As we recently discussed, the Court of Appeals for the Fifth Circuit called into question the FLSA’s long-standing judicial supervision requirement, creating a split of authority between its decision rejecting the supervision requirement where other indicia of fairness are present, and the Eleventh Circuit’s 1982 decision relied on by courts which requires supervision (

For years, the conventional wisdom among FLSA practitioners has been that waiver of FLSA claims requires “supervision,” either from a court or the federal Department of Labor. This supervision requirement dates back to the seminal appellate case on the subject, Lynn’s Food Stores, Inc. v. United States, 679 F.2d 1350 (11th Cir. 1982). Since Lynn’s Food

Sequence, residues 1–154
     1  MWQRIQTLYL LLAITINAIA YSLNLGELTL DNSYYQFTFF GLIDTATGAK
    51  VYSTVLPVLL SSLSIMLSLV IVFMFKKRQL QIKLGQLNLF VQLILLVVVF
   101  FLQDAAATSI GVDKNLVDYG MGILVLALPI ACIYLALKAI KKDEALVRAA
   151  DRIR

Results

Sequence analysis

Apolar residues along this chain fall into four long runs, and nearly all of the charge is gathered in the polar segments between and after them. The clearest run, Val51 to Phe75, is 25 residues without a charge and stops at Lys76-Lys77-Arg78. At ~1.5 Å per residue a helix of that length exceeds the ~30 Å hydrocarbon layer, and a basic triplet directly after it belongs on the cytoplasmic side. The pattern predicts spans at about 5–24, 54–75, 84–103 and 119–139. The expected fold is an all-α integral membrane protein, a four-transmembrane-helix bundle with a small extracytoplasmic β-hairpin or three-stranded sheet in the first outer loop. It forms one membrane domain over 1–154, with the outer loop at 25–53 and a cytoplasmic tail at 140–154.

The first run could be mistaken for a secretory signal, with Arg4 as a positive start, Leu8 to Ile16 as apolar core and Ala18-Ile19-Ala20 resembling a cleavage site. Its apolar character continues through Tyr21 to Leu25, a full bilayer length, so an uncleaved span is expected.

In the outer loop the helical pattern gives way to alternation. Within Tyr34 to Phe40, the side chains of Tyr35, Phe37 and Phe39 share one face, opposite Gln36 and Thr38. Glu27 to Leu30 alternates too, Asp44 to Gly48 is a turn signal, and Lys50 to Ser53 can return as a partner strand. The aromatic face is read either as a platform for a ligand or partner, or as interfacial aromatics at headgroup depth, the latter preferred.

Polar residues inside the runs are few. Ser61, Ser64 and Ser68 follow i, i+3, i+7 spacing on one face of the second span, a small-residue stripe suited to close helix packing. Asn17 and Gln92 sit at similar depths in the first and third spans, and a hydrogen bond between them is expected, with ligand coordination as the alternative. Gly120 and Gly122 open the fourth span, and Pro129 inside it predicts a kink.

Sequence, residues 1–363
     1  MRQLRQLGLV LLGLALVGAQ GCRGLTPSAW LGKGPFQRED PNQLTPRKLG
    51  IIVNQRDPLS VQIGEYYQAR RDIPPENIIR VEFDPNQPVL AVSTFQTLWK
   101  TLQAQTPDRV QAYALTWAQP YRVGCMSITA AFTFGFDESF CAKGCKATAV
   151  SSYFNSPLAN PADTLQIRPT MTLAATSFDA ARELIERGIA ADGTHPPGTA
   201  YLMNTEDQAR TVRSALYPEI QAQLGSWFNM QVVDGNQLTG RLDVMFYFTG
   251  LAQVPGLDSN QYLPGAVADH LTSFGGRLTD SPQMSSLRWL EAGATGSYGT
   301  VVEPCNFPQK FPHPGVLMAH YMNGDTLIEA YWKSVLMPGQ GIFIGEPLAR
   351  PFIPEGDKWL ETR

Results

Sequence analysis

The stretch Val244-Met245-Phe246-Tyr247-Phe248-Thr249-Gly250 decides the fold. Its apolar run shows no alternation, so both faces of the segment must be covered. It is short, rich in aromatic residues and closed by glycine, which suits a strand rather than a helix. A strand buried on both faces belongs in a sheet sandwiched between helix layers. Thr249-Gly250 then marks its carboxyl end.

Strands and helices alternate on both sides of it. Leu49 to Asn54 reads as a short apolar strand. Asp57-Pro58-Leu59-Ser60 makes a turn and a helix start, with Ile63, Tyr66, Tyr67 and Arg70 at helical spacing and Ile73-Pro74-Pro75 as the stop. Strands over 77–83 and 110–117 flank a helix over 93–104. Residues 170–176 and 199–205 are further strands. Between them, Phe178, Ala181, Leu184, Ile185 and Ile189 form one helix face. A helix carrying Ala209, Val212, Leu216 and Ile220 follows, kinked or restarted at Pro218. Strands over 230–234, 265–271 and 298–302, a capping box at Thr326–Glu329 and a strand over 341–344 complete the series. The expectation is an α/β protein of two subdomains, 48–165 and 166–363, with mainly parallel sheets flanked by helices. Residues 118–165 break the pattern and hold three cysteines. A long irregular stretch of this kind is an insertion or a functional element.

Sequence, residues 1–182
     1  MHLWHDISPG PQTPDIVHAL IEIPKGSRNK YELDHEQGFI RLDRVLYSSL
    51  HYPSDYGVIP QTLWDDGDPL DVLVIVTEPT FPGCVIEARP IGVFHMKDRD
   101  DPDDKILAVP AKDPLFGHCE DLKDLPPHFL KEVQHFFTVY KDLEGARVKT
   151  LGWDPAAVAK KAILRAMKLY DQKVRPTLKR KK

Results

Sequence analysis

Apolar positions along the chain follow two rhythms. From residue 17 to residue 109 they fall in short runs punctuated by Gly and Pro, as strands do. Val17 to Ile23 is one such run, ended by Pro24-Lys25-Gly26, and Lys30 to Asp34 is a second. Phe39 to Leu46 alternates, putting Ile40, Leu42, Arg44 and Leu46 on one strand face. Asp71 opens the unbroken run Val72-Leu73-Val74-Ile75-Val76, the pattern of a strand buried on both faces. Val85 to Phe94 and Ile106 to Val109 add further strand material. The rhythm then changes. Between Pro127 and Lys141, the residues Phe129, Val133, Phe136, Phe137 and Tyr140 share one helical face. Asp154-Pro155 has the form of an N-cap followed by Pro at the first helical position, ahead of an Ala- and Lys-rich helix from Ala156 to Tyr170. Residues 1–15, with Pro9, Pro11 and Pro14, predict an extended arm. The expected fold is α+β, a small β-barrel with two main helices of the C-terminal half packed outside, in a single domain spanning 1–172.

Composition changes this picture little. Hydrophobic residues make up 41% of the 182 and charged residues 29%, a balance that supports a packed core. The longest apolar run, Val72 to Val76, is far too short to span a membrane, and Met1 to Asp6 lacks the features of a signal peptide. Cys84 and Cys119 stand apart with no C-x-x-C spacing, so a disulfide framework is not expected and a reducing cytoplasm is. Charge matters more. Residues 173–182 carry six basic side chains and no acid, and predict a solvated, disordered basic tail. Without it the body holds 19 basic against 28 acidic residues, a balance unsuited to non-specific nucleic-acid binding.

Suing one’s employees—current or former—is fraught with expense, risk and the very real possibility of obtaining no relief whatsoever. For these reasons, employers typically do not contemplate or if contemplated decide not to sue employees (outside of the context of restrictive covenants and trade secrets) unless forced into a customary corner: as the defendant in a